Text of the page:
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Namibia Suicide Cases Attribute Substance Abuse, Unemployment

Namibia, Africa

WINDHOEK — Namibia ranks fourth in the rate of suicide on the African continent, the country’s deputy minister of health and social services, Esther Muinjangue, said at a recent regional forum attended by participants from New Zealand, India, Ghana, Nigeria and other countries.

According to official government figures provided to VOA by authorities, Namibia recorded 512 cases of suicide in the year 2020, 496 in 2021 and 510 in 2022. That averages nearly 10 deaths per 100,000 people.

Clinical psychologist Shaun Whittaker told VOA that suicide in Namibia is most prevalent amongst young adult men who have a history of substance abuse. He also attributed the high rate to unemployment and poverty.

“Suicide in Namibia is mainly caused by unemployment amongst young adult men. If one looks at the statistics, certainly over the past decade or so it is usually men in the age group of 20 to 29 who commit suicide by hanging themselves,” he said.

VOA spoke to 38-year-old suicide survivor Florence Beukes, who said she attempted to take her life several times during her teenage years and young adulthood but through counseling and therapy, has outgrown the urge to kill herself.

Beukes said she would try to overdose on medication and once attempted to take her life by swallowing broken pieces of glass that almost severed her vocal cords.

“You see the thing is because I am also a sexual abuse victim, survivor. I am a survivor of GBV [gender-based violence], sexual abuse and rape and that is actually what caused me, you know I fell into deep depression,” she said.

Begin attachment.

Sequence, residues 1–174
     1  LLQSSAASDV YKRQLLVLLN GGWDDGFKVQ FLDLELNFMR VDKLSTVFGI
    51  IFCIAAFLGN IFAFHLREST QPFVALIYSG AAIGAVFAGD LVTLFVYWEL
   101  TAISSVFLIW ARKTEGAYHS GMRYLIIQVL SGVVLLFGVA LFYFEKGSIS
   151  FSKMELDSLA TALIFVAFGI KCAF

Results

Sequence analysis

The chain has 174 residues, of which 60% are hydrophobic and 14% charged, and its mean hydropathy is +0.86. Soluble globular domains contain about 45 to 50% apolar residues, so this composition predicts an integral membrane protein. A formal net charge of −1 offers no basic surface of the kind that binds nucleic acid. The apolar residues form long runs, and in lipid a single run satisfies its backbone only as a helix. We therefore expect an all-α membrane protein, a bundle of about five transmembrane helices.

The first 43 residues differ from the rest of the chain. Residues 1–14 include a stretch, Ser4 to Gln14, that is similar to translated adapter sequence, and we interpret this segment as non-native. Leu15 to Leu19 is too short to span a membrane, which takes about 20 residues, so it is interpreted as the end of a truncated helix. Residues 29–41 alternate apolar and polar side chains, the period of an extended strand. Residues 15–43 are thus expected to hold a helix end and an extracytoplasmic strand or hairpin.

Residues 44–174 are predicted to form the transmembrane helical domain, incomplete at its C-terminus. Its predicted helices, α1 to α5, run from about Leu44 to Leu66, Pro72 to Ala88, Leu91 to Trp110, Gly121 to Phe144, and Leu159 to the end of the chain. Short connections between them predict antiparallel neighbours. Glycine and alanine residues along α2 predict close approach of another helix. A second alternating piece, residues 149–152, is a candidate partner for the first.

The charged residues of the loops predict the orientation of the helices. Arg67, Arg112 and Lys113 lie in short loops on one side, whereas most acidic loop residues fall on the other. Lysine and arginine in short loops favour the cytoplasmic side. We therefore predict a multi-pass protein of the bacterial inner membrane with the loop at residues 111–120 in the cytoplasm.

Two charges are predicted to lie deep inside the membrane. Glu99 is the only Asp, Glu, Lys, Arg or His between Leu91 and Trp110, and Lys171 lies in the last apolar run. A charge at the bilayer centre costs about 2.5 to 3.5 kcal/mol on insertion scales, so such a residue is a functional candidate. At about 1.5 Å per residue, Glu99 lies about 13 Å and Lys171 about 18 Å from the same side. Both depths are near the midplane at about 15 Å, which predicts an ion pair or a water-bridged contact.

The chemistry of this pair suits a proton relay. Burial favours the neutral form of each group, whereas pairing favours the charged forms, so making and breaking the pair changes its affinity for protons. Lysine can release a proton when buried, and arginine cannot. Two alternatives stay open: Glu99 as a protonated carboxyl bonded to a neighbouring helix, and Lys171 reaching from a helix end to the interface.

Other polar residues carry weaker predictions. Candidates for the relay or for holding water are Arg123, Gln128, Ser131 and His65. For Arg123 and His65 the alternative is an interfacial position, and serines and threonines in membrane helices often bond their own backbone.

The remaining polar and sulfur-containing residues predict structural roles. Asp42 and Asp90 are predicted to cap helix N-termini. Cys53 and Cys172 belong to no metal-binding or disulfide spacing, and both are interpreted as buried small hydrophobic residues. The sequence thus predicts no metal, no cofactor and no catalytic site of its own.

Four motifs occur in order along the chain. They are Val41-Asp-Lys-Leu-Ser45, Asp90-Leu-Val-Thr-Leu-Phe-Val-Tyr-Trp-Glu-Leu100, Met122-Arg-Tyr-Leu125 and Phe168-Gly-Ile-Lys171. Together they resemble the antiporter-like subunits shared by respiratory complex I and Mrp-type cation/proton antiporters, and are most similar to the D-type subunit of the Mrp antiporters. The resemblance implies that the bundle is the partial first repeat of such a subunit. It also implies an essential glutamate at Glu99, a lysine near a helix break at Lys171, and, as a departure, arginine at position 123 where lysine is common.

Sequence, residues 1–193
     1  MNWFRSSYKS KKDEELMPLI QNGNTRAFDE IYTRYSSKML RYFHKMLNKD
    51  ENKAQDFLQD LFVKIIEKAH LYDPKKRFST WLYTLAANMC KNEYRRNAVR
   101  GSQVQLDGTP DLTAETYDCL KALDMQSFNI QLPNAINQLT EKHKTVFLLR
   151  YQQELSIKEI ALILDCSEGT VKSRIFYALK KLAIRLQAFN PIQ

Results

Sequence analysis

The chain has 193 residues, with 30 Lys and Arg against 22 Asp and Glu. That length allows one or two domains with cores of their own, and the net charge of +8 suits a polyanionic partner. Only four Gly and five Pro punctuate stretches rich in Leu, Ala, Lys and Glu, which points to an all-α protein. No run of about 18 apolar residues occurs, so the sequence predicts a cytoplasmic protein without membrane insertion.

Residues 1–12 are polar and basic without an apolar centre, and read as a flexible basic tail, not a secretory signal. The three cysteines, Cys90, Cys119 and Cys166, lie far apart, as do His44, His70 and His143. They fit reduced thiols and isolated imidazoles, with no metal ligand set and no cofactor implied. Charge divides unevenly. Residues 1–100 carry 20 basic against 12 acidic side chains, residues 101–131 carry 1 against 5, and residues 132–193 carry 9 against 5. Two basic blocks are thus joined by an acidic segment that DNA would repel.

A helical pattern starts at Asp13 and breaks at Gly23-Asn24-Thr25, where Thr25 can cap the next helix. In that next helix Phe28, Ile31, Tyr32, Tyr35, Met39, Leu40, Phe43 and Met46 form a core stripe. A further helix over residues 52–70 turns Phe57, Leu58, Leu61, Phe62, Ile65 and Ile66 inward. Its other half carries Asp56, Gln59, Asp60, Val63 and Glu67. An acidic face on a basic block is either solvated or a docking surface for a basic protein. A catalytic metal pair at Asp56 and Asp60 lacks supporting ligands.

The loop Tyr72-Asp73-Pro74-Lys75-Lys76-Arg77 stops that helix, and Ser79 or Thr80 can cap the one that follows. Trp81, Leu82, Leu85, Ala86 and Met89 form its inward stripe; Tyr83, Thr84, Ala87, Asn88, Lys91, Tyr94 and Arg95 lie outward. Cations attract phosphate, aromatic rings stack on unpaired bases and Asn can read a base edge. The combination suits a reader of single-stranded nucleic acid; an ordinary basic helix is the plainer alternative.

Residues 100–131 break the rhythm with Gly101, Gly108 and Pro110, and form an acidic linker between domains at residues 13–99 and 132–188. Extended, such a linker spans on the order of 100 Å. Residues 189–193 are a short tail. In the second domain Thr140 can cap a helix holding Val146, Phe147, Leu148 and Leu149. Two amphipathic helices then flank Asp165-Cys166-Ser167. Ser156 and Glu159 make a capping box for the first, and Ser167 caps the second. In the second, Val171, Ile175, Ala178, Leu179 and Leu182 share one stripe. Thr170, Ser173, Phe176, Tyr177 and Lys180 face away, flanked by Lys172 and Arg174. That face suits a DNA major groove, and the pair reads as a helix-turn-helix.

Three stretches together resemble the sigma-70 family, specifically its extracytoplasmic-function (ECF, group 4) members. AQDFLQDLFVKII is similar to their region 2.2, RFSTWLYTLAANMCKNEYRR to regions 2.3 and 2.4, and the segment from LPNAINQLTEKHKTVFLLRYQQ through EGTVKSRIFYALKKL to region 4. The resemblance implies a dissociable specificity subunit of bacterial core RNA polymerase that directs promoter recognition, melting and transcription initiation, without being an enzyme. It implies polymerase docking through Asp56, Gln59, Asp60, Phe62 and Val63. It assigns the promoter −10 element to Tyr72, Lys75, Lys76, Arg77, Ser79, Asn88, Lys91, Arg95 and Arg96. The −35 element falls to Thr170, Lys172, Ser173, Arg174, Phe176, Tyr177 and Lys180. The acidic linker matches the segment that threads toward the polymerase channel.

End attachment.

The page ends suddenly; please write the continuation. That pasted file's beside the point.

Namibian Deputy Minister of Health Esther Muinjangue told VOA the delegates at the regional forum discussed strategies to address stigma and taboos, which are barriers for people needing mental health care.

She also said relationship problems are a leading cause of suicide.

“Family difficulties or relationship problems. A relationship that has come to an end and one of the two partners is not accepting that and feelings of worthlessness that also goes with having low self-esteem and so on. Those are some of the reasons that are really driving people to commit suicide,” she added.

Attempting suicide remains an offense in more than 20 countries and Muinjangue says de-criminalizing the issue, which was discussed at the forum sponsored by LifeLine International, will assist in breaking the stigma surrounding it.

The organization focuses on suicide awareness and prevention through more than 200 centers around the world.

LineLine Namibia is a branch of Lifeline International which aims to prevent suicide through strategies like a 24-hour hotline, where people with suicidal thoughts can call and receive counseling.